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Superfund Alert: The Latest Proposed Changes to CERCLA

On February 12, 2018, President Trump’s Administration published its Infrastructure Plan (Plan) aimed at fixing America’s infrastructure. Within the Plan are several proposed changes to the federal Comprehensive Environmental Response, Compensation, and Liability Act (CERCLA) (also known as Superfund). The first proposed change is to expand funding eligibility for revitalization projects under CERCLA. Currently, CERCLA Sections 101(39)(B) and 101(41)(C) only authorize grants or revolving loans for brownfields — properties that contain hazardous substances, pollutants, or contaminants that complicate expansion, redevelopment,
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Can Groundwater Be Regulated Under the Clean Water Act?

Recently, we reported on the EPA’s decision to postpone the Clean Water Rule, a controversial rule pertaining to what bodies of water are protected under the Clean Water Act (CWA). While the CWA states that it regulates discharge from point sources into surface waters, what constitutes “surface waters” has continued to be an open and debated question, one that appears to have created a Circuit Court split that the U.S. Supreme Court may need to resolve. Specifically, on February 1,
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Not in My Backyard: Coastal States Seek Exemptions to Offshore Drilling

On January 4, 2018, the Department of Interior’s Bureau of Ocean Energy Management announced the 2019-2024 Outer Continental Shelf Oil and Gas Leasing Program, a plan to open nearly all U.S. coastal waters to oil and gas exploration and drilling. The program would lease the coastal areas along the Atlantic and Pacific Oceans and several regions of the Arctic Ocean (i.e., Alaska) for oil and gas exploration and contemplates 47 leases on the outer continental shelf of US waters. Prior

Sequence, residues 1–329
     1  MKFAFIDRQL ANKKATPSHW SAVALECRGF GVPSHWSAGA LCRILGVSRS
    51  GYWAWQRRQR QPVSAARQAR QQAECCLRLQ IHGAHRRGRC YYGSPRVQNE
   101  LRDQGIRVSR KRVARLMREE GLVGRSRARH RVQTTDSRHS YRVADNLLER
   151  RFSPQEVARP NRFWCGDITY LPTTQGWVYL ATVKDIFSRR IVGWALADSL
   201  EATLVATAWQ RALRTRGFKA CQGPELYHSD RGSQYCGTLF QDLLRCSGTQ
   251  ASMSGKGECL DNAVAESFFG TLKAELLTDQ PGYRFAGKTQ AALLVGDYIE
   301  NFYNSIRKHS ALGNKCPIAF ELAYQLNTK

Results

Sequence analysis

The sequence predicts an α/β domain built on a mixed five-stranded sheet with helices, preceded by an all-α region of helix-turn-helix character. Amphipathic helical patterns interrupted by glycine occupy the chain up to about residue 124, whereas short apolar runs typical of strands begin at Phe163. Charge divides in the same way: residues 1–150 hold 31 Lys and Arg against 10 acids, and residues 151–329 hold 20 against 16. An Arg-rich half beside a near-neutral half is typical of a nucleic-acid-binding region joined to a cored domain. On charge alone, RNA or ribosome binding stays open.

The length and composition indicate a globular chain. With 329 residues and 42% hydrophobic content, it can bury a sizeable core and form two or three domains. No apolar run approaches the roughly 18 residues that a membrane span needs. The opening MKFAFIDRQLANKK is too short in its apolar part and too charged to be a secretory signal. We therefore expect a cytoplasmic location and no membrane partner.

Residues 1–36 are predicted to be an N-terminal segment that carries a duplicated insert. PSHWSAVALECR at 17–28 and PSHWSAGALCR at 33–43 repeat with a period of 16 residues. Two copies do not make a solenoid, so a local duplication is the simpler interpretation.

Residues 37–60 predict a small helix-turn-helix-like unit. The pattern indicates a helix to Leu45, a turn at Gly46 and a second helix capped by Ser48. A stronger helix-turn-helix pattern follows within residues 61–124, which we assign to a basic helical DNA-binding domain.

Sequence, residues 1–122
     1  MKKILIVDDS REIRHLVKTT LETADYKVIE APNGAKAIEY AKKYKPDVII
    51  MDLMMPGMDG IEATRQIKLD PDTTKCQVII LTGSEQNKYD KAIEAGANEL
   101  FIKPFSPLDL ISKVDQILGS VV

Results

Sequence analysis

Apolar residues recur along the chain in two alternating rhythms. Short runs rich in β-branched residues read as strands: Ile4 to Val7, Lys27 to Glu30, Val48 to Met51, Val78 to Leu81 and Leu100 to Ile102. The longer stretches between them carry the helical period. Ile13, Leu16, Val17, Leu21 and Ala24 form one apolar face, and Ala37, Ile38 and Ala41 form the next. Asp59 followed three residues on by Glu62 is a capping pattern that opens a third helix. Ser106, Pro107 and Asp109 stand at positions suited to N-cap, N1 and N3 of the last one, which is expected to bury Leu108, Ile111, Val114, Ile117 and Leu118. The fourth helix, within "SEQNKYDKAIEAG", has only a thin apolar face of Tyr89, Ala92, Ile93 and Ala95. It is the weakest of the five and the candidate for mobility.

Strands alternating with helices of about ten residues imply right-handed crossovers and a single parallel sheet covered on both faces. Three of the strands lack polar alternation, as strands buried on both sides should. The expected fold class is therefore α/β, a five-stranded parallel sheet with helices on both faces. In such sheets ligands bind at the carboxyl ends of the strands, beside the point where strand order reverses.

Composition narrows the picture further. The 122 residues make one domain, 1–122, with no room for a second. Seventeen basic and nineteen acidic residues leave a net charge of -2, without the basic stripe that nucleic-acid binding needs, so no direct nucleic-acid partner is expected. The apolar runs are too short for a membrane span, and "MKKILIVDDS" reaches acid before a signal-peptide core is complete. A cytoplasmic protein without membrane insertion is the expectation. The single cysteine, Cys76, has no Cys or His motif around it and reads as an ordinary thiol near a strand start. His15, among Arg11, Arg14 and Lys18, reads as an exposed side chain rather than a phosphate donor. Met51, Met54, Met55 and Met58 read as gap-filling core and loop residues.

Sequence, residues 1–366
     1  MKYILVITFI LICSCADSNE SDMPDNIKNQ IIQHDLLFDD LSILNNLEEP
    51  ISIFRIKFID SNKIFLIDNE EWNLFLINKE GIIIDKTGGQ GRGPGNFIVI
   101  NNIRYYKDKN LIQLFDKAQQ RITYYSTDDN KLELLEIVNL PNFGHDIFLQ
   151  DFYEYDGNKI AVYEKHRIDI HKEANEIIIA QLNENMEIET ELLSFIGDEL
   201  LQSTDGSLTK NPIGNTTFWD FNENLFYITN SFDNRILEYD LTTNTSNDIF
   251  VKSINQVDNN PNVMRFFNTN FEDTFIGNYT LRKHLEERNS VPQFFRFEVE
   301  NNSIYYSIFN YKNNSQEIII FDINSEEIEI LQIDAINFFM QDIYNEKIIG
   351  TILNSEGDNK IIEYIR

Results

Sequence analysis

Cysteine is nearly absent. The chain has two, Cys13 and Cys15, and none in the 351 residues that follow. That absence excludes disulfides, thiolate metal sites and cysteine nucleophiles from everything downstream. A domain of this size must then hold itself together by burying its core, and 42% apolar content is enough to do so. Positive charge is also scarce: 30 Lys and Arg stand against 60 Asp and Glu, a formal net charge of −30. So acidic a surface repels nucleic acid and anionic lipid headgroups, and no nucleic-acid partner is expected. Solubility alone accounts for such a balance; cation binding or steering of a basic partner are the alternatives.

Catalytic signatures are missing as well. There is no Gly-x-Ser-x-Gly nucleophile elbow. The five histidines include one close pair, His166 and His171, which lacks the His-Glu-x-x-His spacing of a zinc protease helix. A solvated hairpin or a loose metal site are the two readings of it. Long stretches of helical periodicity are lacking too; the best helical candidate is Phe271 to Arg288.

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The Bar Lowered: Lower Causation Standard for Plaintiff Under California’s Polanco Redevelopment Act

The California Court of Appeals rang in the New Year for plaintiffs by handing owners, operators, transporters, and arrangers that work with hazardous materials an adverse decision on the issue of causation. In the City of Modesto v. The Dow Chemical Company (2018 WL 317043 (Cal. Ct. App., Jan. 8, 2018), the court focused on the standard of causation that a plaintiff must meet to support a finding of liability under the Polanco Redevelopment Act (Polanco Act). The court lowered